Trees in the Chilterns Ashridge Estate
A tree-lined nave

Future business leaders now attend the Ashridge Executive Education, formerly Ashridge Business School, based at the gothic revival Ashridge House who promote their services as;

“An agile business school for the global leader. Because disruption is inevitable:”

That wouldn’t go unrecognised I don’t think, by those former businessmen of the priory and palace, whose global world was turned upside down by European political and religious events far beyond their control.

So the cycle continues.

Ashridge Business School is well rooted amongst its surroundings
Well rooted

Further Information:

Read more about some of the structures built to house relics and provide shelter for their pilgrims below;

Once on the Pilgrims trail between St Albans Abbey and the monastery at Ashridge, Piccotts End is a dot on the Chilterns landscape. Yet this tiny settlement has one of the most remarkable and historically important features, tucked away inside a Grade I Listed 15th century cottage at No.132 Piccotts End.

St. Botolph was one of the earliest and most revered of East Anglian saints, and became known as the patron saint of wayfarers. Read of a Journey into a Chilterns desert.

Growing stones, a magical place of mythical puddingstone’s, Totternhoe stone, Repton and an acorn from a queen, read about a tour of the Repton-designed Ashridge House Gardens.

A walk in Ashridge during the quieter winter months is a completely different experience. Do trees fall uphill? Or take your pick from the selection of National Trust walks through the estate.

For further Chilterns inspiration and ideas VisitChilterns.co.uk

Do Trees Fall Uphill?

In places the original iron fence has been replaced by wood, then barbed wire simply rolled over the gaps that will keep everything out. Or in. The contrast between the carefully managed fields and the disarray and upheaval behind me couldn’t be greater. The former almost lifeless, the latter bursting with life.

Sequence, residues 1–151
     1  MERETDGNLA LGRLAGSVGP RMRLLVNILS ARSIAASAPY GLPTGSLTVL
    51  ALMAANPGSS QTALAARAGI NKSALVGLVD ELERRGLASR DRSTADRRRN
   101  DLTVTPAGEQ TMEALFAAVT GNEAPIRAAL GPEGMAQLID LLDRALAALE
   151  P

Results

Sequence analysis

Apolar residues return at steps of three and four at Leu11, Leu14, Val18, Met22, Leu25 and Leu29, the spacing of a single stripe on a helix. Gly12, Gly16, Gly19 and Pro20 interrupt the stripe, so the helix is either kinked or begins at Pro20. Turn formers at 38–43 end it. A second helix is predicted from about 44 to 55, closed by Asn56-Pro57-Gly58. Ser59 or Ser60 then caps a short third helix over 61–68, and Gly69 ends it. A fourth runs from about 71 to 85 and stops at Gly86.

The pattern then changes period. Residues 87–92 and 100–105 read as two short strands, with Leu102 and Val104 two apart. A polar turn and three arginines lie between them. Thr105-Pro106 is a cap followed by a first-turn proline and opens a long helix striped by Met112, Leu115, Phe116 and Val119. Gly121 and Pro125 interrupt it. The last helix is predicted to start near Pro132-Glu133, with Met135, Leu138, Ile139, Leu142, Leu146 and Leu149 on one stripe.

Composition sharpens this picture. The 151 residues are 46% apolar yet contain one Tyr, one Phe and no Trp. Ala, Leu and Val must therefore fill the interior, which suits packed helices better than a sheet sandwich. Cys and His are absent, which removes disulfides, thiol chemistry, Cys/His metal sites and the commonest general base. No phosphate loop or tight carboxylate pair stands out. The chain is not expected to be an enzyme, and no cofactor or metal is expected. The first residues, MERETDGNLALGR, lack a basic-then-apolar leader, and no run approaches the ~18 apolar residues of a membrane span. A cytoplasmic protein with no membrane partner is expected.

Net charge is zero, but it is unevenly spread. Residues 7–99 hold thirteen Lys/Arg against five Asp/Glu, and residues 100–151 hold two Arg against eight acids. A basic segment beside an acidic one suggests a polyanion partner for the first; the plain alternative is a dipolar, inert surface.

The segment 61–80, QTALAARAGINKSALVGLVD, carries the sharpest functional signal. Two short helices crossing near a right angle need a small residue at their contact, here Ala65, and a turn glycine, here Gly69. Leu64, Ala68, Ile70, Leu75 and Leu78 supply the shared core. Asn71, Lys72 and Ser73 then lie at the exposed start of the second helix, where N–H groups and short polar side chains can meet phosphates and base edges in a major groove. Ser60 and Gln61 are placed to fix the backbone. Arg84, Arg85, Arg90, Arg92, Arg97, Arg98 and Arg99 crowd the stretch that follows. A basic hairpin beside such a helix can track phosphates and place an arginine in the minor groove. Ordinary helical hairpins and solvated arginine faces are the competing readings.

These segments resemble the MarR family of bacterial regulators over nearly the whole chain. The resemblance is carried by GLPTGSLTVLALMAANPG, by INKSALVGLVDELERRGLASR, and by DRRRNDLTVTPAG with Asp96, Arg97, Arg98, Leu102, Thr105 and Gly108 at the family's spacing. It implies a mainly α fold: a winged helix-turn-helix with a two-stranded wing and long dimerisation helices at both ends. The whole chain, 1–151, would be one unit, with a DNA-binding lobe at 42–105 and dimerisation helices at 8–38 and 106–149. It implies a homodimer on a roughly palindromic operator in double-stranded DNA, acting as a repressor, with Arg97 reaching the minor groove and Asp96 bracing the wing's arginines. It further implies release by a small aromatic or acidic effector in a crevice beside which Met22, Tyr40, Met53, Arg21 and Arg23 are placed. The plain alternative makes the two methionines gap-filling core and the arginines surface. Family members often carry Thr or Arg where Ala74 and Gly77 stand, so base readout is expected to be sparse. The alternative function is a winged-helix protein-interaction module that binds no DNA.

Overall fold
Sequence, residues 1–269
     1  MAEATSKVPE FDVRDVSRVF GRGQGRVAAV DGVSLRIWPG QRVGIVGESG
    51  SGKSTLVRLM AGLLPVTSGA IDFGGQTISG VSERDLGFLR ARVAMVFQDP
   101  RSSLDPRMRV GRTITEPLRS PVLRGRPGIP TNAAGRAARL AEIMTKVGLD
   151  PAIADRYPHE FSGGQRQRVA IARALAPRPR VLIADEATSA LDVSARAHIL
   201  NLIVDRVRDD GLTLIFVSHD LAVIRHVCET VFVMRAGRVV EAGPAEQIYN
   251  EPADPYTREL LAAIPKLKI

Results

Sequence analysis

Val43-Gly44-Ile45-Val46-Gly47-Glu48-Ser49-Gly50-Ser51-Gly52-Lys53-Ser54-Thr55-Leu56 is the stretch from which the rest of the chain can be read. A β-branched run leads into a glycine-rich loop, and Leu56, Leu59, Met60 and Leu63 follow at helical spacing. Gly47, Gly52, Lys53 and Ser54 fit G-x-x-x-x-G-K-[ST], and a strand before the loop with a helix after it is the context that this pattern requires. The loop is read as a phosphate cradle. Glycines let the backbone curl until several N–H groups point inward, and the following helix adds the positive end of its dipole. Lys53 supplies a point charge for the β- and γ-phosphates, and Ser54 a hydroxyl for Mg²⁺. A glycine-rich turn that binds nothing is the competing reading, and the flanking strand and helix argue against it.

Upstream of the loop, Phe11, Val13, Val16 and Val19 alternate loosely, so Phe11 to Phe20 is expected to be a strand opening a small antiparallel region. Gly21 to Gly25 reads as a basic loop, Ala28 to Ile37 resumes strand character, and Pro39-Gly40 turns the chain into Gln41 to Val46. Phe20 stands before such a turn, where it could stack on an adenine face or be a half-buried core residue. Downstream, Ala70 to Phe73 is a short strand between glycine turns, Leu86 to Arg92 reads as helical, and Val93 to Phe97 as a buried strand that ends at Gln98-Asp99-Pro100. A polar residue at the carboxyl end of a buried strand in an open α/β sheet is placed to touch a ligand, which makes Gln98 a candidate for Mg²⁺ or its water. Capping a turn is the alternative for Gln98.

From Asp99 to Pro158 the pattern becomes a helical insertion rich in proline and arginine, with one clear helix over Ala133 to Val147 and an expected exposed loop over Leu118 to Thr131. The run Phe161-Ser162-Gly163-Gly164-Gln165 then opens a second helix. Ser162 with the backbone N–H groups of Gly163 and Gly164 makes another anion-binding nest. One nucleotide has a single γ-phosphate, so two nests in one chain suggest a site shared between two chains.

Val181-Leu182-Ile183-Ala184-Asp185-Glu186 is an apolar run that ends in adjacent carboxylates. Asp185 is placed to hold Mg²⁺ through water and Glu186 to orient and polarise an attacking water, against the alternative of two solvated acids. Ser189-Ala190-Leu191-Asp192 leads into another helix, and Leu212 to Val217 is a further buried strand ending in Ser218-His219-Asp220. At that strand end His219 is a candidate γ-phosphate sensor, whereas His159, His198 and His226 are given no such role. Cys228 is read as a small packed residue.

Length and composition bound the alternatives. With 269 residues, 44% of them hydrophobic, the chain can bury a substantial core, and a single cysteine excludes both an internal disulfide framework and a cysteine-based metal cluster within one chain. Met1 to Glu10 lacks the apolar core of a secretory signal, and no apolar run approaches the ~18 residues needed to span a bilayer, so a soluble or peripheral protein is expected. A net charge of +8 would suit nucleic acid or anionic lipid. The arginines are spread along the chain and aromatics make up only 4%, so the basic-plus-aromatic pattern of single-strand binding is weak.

I love the wide open winter vistas that reveal unexpected views and spaces, the shadows long, and a raw winter wind causes the bare tree tops to clatter and scratch against one another, loud on the otherwise still hillside.

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The younger trees sway about like drunk patrons, crashing into one another

What looked like the aftermath of a great disturbance with piles of flint, up-ended trees, mounds of excavated chalk and the biggest wall of roots I’d ever seen awaited us as we headed off-piste to follow the animal trails that branch off the well-trodden Ashridge Forest Sunday paths. The Ashridge estate is huge, with over 5,000 acres of woodlands and the many visitors tending to huddle near the toilets, cafe and carpark, the chances are always good you’ll have the other 4,999 acres pretty much to yourself.

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Heading downhill through the trees, it’s only as the track became even narrower and I have to watch where I am walking, that I notice the toppled trees interspersed with tightly-packed new growth, enjoying a few years of space before they are muscled out. These upended beeches, all pointing uphill, whilst the oaks, needing space have jumped the fence and taken root in the field alongside.

The oaks needs space to stretch out and breath
The oaks need space to stretch and breath

This scene of furious activity by nature’s hand, not human, looks surreal; big pieces of scattered flint, stones, numerous piles of chalk excavated by badgers as they enlarge their extensive hillside homes, even trees turning to dust. The leaf litter is still thick, and covers ankle-twisting holes and rocks, and still the barely visible track leads on along the edge of the tree line, very straight, there is no mistaking the intention of this boundary. In places the original iron fence has been replaced by wood, then barbed wire simply rolled over the gaps that will keep everything out. Or in. The contrast between the carefully managed fields and the disarray and upheaval behind me couldn’t be greater. The former almost lifeless, the latter bursting with life.

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A mound of excavated chalk, stones and flint mark the entrance to a den

Wide open winter vistas revealing the unexpected view back down the valley rising up to Wiggington and Wendover. This seasonal sight will close up, like a theatre curtain draws over the view as the trees spring back into life. A crow hangs lazily on the wind.

The dog is spooked by something, so scrambles onto a log, growling and begins to bark. Having dull senses, I cannot hear nor smell as he can, when suddenly, the hillside comes alive as a small herd of deer crash through the trees, in flight from an excited barking dog, The deer however, have the upper hand, they know all the tracks and escape routes and they sweep past us, twice. I bet they know this is a Sunday morning, their least favourite day of the week!